Reaction from around the Middle East to the Israel-Bahrain peace agreement has been mixed, though most criticism of the deal has been fairly muted.
Qatar's Al-Jazeera TV broadcast a video of some Bahrainis saying they opposed the peace deal between their country and Israel. It was not clear, however, if those Bahrainis were opponents of their government or if their opinion was that of the majority.
Qatar's ruling al-Thani family has been at loggerheads with its Bahraini rivals for many years amid historically troubled relations between the nations.
The UAE's minister of state for foreign affairs, Anwar Garghash, said in a tweet that "recent developments in the region are a clear sign of the need to discard old policies that have not borne fruit."
"New beginnings carry real opportunities," he added, "that may pave the way for political solutions that improve security, stability and prosperity."
In Egypt, which in 1979 became the first country to sign a peace deal with Israel, President Abdel-Fattah el-Sissi indicated in a tweet that he "values this important step towards establishing peace and stability in the Middle East, in a way that achieves a just and permanent settlement to the Palestinian issue."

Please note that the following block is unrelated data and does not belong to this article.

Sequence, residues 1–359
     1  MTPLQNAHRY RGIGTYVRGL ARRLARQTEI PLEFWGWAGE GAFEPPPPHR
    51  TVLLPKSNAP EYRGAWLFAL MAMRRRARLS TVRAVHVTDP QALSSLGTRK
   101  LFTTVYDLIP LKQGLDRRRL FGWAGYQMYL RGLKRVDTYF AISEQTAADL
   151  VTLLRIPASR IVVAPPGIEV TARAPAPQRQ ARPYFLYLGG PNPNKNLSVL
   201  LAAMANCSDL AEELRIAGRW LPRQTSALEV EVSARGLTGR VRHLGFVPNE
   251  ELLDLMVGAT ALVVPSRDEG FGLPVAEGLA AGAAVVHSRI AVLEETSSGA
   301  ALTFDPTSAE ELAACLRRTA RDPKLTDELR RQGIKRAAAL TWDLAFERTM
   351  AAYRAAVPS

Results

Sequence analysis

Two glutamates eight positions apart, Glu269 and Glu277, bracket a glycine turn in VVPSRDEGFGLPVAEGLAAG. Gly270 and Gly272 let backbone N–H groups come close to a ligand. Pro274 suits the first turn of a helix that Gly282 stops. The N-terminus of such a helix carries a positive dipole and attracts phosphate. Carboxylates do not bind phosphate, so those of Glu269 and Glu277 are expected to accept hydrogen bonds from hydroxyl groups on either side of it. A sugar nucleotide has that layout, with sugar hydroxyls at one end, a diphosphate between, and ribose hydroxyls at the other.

Iran's Foreign Ministry said in a statement Saturday that Bahrain was now a partner to what it called the “crimes of Israel," which it added were "a constant threat to the security of the region and the Islamic world."
Iranian Supreme Leader Ayatollah Ali Khamenei recently blasted the UAE, which signed its own peace deal with Israel several weeks ago, saying it had "betrayed" the Muslim world.
A number of Algerian political parties and civil society groups condemned the agreement, calling it a "betrayal" of the Palestinian cause.
Palestinian factions also condemned the accord, with Palestinian negotiator Saeb Erekat saying on Al-Jazeera that Bahrain's King Hamid had "insisted just a week ago that he would not sign a peace deal with Israel."
Rival Palestinian Islamist factions in Gaza said the deal amounted to "treason," and they called on the Palestinian Authority to withdraw its ambassador from the Cairo-based Arab League.
Said Sadek, a professor of political sociology in Cairo, told VOA the Arab public no longer shows the same emotional attachment to the Palestinian issue as it once did.
"Many Arabs," he said, "feel that the Palestinians are refusing to sign a peace deal with Israel because it is more profitable for them to take subsidies from the Arab world than to make peace. Arabs today are more concerned about their own interests than those of the Palestinians," who Sadek said are often viewed in a negative light.